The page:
ULI San Francisco Blog

Lifecycle of a Deal in Three Parts

On January 19th, Divco West hosted Lifecycle of a Deal, the first Peer to Peer event for 2017 as part of YLG’s array of signature programs. The panel was made up of three speakers with diverse backgrounds – Marcus Gilmour, Principal and Lane Partners, Tyler Meyerdirk, First Vice President at CBRE, and Chris Eldemir, Associate at DivcoWest. Each speaker was able to provide a different perspective based on their current roles in their career. Mr. Gilmour spoke on the development side, Mr. Meyerdirk spoke on the brokerage side, and Mr. Eldemir spoke on the acquisitions and investment side. The night was geared to focus on the roles and responsibilities of the deal process from the perspective of the landlord, operator, financers and brokers in commercial transactions. Each speaker was able to provide their own considerations during the acquisition, ownership, investment, operation and ultimately disposition of an asset.

The stormy weather didn’t stop folks from attending the event and we had approximately 40 young leaders seated around the large table at Divco’s offices. The Young Leaders were comprised of various backgrounds and experience levels. In an effort to target the level of expertise for everyone in the room the panelists made sure to start with the basics of a real estate deal.

Mr. Meyerdirk began explaining the lifecycle of deal from the brokerage side. The brokerage side is different in the sense that a broker is only paid when a deal closes. He discussed the importance of relationships and understanding the market in closing a deal. Many do not realize that closing a deal may take half a year.

Mr. Gilmour followed in discussing “value-add” versus “core” real estate. He explained the necessity of understanding the risk and leverage related to any asset prior to undertaking any project. He explained the various private equity real estate funds and how each deal is reviewed and analyzed with careful thought.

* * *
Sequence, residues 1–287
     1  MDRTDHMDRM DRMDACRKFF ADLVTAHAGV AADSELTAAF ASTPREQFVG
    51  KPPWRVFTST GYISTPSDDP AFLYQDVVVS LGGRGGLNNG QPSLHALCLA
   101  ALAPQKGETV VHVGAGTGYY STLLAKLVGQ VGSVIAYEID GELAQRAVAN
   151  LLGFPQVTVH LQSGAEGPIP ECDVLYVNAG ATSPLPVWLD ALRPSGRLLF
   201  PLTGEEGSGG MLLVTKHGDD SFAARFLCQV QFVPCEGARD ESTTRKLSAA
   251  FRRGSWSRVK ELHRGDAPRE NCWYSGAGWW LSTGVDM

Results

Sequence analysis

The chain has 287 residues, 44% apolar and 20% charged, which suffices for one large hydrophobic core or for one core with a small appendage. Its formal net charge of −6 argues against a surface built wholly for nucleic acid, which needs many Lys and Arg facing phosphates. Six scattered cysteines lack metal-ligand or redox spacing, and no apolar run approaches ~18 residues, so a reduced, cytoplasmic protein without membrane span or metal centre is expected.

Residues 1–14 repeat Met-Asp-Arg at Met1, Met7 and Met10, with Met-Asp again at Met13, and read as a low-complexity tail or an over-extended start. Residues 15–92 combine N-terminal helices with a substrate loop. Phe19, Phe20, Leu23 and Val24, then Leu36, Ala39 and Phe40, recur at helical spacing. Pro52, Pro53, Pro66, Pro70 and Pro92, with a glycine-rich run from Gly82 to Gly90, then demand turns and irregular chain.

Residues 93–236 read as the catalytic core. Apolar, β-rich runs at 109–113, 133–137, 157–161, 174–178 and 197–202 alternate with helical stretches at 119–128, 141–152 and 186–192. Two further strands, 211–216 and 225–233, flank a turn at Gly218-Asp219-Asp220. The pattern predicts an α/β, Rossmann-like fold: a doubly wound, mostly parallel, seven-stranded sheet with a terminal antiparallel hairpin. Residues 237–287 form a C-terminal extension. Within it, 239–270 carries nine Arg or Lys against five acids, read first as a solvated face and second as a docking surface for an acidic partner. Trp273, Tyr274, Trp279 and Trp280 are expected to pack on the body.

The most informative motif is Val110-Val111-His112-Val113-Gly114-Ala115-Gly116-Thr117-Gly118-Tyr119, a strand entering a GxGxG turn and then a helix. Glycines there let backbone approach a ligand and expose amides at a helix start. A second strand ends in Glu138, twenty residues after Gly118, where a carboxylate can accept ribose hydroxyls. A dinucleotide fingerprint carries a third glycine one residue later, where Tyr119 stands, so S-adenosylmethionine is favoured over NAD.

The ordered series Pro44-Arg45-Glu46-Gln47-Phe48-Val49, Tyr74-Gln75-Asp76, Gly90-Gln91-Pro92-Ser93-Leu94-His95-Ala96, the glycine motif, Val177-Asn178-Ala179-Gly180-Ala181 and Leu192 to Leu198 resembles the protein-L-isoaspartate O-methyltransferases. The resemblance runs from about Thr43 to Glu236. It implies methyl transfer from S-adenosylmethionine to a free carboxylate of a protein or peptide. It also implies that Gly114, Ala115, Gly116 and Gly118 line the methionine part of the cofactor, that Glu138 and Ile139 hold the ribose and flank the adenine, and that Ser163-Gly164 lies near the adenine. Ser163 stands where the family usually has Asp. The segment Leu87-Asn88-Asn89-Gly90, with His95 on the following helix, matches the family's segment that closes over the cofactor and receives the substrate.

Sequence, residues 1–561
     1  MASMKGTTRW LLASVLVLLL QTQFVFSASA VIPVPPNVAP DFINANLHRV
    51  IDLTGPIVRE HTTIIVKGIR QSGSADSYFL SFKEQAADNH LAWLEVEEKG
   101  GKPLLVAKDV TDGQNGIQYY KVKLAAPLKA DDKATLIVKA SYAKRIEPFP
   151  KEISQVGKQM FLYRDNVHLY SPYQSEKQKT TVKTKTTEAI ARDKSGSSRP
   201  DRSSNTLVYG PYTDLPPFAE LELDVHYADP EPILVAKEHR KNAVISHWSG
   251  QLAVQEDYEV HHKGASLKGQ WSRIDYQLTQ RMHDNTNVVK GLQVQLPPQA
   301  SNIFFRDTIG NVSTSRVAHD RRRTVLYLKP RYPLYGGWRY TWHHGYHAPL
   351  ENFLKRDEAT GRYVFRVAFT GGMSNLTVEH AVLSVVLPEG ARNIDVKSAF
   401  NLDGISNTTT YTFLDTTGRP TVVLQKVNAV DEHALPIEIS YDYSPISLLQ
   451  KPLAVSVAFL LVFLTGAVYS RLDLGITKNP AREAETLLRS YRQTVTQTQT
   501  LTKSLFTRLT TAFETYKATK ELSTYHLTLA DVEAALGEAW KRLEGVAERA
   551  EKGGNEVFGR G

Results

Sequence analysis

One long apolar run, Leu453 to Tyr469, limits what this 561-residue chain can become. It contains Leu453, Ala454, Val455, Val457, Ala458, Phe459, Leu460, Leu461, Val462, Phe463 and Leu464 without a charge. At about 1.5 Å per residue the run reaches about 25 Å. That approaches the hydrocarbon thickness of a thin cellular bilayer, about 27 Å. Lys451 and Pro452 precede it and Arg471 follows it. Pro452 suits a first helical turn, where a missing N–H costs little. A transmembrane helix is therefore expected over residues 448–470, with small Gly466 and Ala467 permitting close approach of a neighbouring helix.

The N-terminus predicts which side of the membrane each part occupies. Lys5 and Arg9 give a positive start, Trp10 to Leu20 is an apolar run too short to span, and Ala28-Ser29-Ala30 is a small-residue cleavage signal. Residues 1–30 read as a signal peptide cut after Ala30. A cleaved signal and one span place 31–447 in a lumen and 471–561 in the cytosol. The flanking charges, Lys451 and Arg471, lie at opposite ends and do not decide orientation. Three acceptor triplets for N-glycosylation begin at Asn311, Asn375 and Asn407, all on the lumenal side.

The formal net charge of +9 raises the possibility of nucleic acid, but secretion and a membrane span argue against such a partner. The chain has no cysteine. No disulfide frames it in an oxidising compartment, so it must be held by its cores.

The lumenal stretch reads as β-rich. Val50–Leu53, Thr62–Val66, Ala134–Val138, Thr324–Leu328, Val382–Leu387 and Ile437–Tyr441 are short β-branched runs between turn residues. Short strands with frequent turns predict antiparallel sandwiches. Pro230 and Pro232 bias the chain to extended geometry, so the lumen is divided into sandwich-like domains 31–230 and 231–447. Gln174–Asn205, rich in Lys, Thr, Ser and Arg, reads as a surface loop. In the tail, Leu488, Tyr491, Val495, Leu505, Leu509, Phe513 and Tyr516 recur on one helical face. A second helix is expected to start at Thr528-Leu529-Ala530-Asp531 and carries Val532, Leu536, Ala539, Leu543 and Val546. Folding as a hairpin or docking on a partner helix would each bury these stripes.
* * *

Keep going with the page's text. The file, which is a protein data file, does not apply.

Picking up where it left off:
Mr. Eldemir circled back into the panel by discussing Divco’s assessments of funds. He stressed the importance of reviewing each fund as a “theme” for both investors and for the company. They have a strategic asset allocations policy that matches each deal with their applied market research.

After the panel presentation the room turned into an open forum for discussion with nearly half the room of young leaders raising their hands with questions. Without a doubt, the night could have continued into a lengthy dialogue but one thing was certain, with all moving parts of a life cycle of a deal, relationships were deemed to be one of the most important factors. Despite the diverse roles of the panelists and their particular responsibilities of a deal, not a single part of the deal is considered more important. It was also found that all parts of the deal require a level of partnership, once again strengthening the need for the young leaders to learn from their peers and strengthen their relationships.

By Pamela Salas Nieting

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